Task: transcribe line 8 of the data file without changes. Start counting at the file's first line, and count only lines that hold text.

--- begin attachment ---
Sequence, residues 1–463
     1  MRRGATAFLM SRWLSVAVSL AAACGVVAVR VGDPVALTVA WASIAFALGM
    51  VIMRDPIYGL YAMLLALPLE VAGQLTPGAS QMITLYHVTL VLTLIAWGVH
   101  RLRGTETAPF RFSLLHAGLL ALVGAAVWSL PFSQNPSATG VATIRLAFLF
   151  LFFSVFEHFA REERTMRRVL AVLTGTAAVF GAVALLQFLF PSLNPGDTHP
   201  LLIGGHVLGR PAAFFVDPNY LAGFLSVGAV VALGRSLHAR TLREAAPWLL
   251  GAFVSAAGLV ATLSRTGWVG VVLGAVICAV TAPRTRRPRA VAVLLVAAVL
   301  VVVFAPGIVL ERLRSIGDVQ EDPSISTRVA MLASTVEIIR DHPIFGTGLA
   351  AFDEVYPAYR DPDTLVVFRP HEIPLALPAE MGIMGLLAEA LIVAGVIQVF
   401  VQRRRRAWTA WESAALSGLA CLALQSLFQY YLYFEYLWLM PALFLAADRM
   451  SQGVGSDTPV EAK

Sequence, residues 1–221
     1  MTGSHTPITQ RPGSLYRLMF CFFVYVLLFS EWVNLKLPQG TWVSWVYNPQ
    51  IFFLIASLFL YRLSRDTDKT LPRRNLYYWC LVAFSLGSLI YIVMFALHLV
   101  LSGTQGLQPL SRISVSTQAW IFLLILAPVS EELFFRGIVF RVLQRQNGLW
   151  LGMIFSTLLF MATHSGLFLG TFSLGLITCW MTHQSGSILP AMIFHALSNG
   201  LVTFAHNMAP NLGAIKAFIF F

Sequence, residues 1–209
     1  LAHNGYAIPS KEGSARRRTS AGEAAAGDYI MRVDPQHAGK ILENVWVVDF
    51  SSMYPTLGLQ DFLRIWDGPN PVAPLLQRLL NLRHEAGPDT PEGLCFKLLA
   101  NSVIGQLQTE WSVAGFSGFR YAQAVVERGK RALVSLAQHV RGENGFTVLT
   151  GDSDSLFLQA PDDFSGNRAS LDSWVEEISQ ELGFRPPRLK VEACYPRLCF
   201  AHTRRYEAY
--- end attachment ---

   301  VVVFAPGIVL ERLRSIGDVQ EDPSISTRVA MLASTVEIIR DHPIFGTGLA